Small value-added resellers (VARs) need to learn to improve operational efficiency as they grow, especially in a down economy when there's no margin for error. If an engagement isn't managed correctly the first time, a business may not recover from the loss of time, effort and money.
So, where can VARs turn to learn best practices? Solution providers' peers are one such resource, and to that end, Heartland Technology Group (HTG) has built a model around such peers. It's worked to build groups of 12 non-competing VARs and systems integrators that help each other with best practices, lessons learned the hard way, and, if needed, some tough love.
Members meet in person a few times a year to exchange advice and best practices, but it's more than friendly chitchat: Participants are not only required to reveal sensitive information about their businesses, but they're also tasked with evaluating each other, and many firms don't make the cut.
However, participants say the VARs that stick to the program have a chance to improve every aspect of their business, from vendor partnerships to customer support to employee management.
Brad Schow, general manager of Compudyne Inc., a Northern Minnesota VAR, said when Compudyne signed up for the program it was undergoing a lot of changes and needed a lot more guidance on business structure, processes and best practices. His firm joined the third HTG peer group in 2006, and has since grown from 27 to 42 employees.
"HTG got us on board with a bunch of other companies running into the same issues and challenges," Schow said.
How HTG peer groups work
Peer groups like HTG's do require work. VARs can expect to come to each quarterly meeting prepared to present progress on business goals set out at the last session. The idea is to identify issues, solve them and move on. Rinse and repeat.
"We use the survivor model," said HTG CEO Arlin Sorensen (his own company, Heartland Technology Solutions, formed the first peer group with several other VARs in the post Y2K/dot-com bust of 2001. HTG is a separate LLC, operating on a non-profit basis.) "Each group polices itself," Sorensen said. Members are evaluated by their peers in areas such as attendance, preparation, participation and sharing, and those that don't meet the group's standards are no longer included. Sorensen said there's a 5% to 8% churn among members every quarter.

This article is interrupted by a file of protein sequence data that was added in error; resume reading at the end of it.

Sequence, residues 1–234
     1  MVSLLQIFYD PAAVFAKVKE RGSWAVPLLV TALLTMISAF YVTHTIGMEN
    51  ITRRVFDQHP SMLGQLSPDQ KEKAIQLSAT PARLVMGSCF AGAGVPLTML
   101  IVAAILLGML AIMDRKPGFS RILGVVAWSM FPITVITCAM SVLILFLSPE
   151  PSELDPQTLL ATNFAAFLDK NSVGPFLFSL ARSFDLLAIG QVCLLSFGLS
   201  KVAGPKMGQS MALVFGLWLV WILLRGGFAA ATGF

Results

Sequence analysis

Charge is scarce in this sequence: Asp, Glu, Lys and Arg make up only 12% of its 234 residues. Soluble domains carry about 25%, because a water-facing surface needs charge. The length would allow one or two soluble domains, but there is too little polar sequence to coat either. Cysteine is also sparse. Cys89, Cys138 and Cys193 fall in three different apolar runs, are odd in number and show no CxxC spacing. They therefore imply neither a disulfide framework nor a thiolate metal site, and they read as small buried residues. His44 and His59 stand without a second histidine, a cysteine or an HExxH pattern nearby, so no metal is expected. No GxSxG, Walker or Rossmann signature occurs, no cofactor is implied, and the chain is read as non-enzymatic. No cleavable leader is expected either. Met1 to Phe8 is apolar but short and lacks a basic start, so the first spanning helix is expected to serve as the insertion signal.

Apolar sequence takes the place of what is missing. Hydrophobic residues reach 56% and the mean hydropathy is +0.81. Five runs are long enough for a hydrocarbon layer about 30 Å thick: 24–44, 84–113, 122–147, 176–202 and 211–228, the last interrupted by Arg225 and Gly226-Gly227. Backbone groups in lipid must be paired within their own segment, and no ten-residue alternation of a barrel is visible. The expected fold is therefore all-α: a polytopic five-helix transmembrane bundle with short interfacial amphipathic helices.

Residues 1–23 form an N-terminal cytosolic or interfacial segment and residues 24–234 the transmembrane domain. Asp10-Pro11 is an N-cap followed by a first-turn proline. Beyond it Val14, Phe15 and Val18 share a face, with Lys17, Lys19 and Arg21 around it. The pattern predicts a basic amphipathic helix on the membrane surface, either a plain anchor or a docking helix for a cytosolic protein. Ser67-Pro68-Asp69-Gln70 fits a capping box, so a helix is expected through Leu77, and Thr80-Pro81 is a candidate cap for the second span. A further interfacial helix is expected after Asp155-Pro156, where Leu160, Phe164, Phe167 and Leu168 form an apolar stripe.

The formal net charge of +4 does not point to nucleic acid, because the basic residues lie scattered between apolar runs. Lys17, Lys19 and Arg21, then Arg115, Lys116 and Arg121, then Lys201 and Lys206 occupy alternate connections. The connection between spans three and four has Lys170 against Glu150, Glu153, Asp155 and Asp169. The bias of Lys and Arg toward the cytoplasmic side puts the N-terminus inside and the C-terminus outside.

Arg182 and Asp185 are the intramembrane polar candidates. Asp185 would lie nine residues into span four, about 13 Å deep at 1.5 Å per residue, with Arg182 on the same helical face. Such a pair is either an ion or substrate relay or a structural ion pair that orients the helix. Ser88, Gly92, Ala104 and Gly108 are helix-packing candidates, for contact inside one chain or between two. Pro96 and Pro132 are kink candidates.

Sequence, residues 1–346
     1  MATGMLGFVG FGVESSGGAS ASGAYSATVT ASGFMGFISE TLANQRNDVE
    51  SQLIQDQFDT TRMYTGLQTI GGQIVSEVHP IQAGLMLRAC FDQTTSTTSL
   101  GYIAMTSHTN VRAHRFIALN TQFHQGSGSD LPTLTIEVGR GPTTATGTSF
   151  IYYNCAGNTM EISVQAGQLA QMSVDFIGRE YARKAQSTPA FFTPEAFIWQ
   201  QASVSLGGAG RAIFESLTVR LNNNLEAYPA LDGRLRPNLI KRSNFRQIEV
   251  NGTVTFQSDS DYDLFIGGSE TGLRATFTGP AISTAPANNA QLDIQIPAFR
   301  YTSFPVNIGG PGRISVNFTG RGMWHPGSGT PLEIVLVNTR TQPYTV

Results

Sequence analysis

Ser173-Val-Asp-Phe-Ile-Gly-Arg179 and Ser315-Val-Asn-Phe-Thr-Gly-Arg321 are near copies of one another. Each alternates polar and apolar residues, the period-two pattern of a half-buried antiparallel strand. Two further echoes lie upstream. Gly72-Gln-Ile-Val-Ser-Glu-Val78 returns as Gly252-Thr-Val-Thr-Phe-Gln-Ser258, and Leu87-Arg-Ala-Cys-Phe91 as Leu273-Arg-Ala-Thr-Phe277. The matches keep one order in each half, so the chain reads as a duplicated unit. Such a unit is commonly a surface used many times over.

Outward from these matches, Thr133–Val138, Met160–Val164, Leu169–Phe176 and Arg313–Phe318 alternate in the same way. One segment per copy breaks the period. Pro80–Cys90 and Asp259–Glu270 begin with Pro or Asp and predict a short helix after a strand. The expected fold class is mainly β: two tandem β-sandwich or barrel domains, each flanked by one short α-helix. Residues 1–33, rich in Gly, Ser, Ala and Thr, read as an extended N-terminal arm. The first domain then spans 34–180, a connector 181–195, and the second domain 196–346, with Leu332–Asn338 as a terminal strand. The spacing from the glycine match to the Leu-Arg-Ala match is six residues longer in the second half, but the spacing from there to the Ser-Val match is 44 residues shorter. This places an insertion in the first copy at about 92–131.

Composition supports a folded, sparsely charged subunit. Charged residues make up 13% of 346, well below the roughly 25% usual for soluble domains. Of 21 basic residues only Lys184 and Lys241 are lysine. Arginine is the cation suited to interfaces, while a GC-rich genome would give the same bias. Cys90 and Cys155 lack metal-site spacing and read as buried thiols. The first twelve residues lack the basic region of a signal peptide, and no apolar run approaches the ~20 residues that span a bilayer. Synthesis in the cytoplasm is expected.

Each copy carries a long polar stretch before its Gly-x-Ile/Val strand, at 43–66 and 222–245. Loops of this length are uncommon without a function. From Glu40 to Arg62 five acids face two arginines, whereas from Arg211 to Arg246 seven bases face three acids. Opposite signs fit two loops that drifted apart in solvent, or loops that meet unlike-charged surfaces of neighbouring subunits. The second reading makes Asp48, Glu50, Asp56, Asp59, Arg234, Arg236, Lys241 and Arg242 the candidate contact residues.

The 12 members of each group are from different regions. Groups previously met for two days in separate locations, but they now meet at a common venue each quarter, adding programs for VARs with common interests, regardless of the particular group they are in, and sharing information and ideas across groups. (The July meeting, a five-day event in Dallas, drew some 400 executives from member companies.)
VARs can apply for membership online. They are interviewed by phone and come to their first meeting as guests, but prepare for it as if they were veteran members. Group membership requires a unanimous vote. HTG forms new groups as they gain a sufficient number of new members. Members must be willing to divulge financial and other confidential business data, and have to sign non-compete agreements.
Each member must develop, present and stick to four plans: a business plan, a personal leadership plan, a life plan and a business disaster recovery plan. In effect, the group serves like a board of directors, evaluating progress and offering assistance when management runs into trouble.
"The group forces you to look at your goals, to set a business plan," said Jeff Howard, president of Arlington, Texas-based Networking Results (NetRes) Inc., a managed-services company that's grown from three to 25 people since he joined a HTG group in 2006. "I don't want my accountability partners to beat me up."
"It's easy to start believing some of your own rhetoric for why you don't get things done as owner," said Schow. But it's a different matter "when other people are looking at your business and wondering why you are stuck and why you are not growing."
How peer groups improve VAR business
This approach formalizes the ad hoc or casual peer group activity that small companies seek in conjunction with their activities in business and professional associations.
"When a group of business folks go to a conference, most will say their most productive time was spent networking at the bar," said Paul Myerson, senior channel analyst for Milford, Mass.-based Enterprise Strategy Group. "The goal of these peer groups is to bring this environment to small VARs servicing IT customers."